Fake news watch: Armageddon and bogus books

Reports on social media of an asteroid collision at the beginning of February have been dismissed as rumors. (Shutterstock/NASA)
Updated 24 January 2019
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Fake news watch: Armageddon and bogus books

  • The Union of Egyptian Publishers has stated that a viral social media post showing a book cover with an inappropriate title is unreal
  • Alleged reports on social media platforms claiming that an asteroid collision will take place at the beginning of February are mere rumors

1 A post showing a book with a title deemed offensive by some went viral in Egypt. It was apparently published by a fake publishing house.
The Union of Egyptian Publishers has stated that a viral social media post showing a book cover with an inappropriate title is unreal.
A post showing a book cover by a fake publishing house named “Al-Mohazaboon” aka “The Polite,” went viral in Egypt.
The union, headed by Saeed Abdou, denied that such a book exists and that no publishing house was registered at the union under this name.
He added that news about unveiling the book at Egypt’s upcoming international book fair was unfounded.
“We’ve seen on social media posts about this book being the book fair’s upcoming surprise...”
“After looking into the matter we found that no publishing house with this name is registered at the union ... and that we’ve never heard of it.”

2 Reports of end of world greatly exaggerated.
The head of the Jeddah Astronomy Society, Eng. Majid Abu Zahra, said alleged reports on social media platforms claiming that an asteroid collision will take place at the beginning of February are mere rumors.
The rumors claimed that the collision of asteroid NT7 2002 with Earth will take place on Feb. 1, 2019 and cause a “global catastrophe.”
According to the Saudi Sabq website, Abu Zahra added that asteroid NT7 2002 was discovered at the Massachusetts Institute of Technology on July 9, 2002, and it was observed that, unlike most asteroids orbiting the Sun at the same planetary level, in every 2.29 years, the asteroid sweeps through the inner part of our solar system, not far from Earth’s orbit.
NASA has announced that the asteroid is not considered a danger by the space agency since Aug. 1, 2002. However, conspiracy theorists who remain unconvinced continue publishing online content claiming that the world will end on Feb. 1, 2019.


French court throws out Qatari-owned beIN Sports’ ‘unproven’ broadcast piracy claim against Arabsat

Updated 1 min 46 sec ago
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French court throws out Qatari-owned beIN Sports’ ‘unproven’ broadcast piracy claim against Arabsat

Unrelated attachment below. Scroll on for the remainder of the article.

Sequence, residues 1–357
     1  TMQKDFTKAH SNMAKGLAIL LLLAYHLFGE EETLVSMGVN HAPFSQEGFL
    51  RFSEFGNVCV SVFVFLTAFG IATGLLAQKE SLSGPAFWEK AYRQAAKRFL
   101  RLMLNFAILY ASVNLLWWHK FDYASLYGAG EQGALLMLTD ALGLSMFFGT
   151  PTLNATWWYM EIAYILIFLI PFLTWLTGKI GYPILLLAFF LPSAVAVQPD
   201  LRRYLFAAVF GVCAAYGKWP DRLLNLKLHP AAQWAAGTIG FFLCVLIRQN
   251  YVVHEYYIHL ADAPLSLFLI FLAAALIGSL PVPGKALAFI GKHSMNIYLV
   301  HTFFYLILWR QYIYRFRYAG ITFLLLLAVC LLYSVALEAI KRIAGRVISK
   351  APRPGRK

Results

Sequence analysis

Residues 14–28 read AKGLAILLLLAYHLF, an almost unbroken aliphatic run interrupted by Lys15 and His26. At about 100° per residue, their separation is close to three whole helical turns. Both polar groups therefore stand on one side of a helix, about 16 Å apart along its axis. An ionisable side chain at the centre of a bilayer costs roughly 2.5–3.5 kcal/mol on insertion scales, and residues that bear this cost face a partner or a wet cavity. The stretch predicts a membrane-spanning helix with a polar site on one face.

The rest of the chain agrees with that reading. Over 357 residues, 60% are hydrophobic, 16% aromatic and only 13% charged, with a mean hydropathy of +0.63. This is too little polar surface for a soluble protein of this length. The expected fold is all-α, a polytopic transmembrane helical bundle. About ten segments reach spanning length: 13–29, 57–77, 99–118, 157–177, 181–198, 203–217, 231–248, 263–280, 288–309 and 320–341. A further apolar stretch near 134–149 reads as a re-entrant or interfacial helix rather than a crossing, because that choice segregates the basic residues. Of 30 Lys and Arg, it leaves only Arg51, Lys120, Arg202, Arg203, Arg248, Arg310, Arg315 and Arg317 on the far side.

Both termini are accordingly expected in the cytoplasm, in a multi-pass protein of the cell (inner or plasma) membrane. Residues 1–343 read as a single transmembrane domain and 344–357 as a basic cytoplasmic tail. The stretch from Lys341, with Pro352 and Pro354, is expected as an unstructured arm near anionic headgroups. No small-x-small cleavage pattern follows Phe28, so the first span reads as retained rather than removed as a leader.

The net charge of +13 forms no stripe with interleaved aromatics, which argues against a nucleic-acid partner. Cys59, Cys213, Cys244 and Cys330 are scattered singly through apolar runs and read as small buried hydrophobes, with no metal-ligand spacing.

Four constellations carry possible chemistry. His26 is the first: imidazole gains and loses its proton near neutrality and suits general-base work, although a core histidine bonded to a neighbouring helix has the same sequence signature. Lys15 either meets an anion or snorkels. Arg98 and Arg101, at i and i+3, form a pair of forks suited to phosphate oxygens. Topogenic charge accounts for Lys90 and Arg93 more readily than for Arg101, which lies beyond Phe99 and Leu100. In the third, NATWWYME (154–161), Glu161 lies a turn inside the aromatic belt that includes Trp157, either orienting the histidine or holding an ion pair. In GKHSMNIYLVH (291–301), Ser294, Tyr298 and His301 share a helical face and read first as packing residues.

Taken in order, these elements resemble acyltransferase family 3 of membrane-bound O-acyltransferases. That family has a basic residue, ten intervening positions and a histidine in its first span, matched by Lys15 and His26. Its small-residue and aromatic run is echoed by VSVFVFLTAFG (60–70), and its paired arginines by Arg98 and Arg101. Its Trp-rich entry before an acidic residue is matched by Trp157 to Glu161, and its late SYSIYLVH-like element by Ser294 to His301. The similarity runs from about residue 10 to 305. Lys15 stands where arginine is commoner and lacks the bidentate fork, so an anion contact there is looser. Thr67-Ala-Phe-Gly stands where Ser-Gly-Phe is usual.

• The court rejected beIN’s allegations and demanded that beIN pay a fine of €6,000 to Arabsat’s adviser

LONDON: The Tribunal de Grande Instance de Paris has thrown out beIN Media group’s allegations against the Arab Satellite Communications Organisation — better known as Arabsat.

The French court rejected beIN’s allegations and demanded that beIN pay a fine of €6,000 to Arabsat’s adviser, and the prosecution costs of Arabsat amounting to €25,000.

Arabsat said it welcomed the ruling, which made clear there was no link between Arabsat and piracy.

The court said beIN had failed to demonstrate “clear illegal disruption or prove immediate risk of commercial damage.”

In a statement issued after the conclusion of the legal proceedings in Paris, the satellite company said that it respected the integrity of the French judiciary and was pleased with how skillfully and professionally the allegations of Qatar’s Al Jazeera subsidiary, beIN Sports, were addressed.

“The French judiciary’s ruling, rejecting beIN’s lawsuit and allegations against Arabsat, has proven beyond a shadow of a doubt our organization’s valid position from day one, despite beIN Sport’s attempts to cast doubt on that position; its media smear campaign; and its relentless attempts to push bogus and misleading claims,” Arabsat said in a statement following the ruling.

It marks the latest legal chapter in a long running feud that has produced claim and counter claim.  In a press release issued on May 2, 2018 beIN accused Arabsat of “facilitation of satellite broadcasts by the notorious Saudi-based piracy network, cynically known as “beoutQ”.

Founded in 1976, Arabsat has grown to become the leading satellite services provider in the Arab world.

It broadcasts over 500 TV channels, 200 radio stations, pay-tv networks as well as HD channels to millions of homes across 80 countries.

It has an estimated audience of over 170 million viewers in the Middle East and North Africa.

Doha-based beIN was founded in 2014 and operates 60 channels in 43 countries.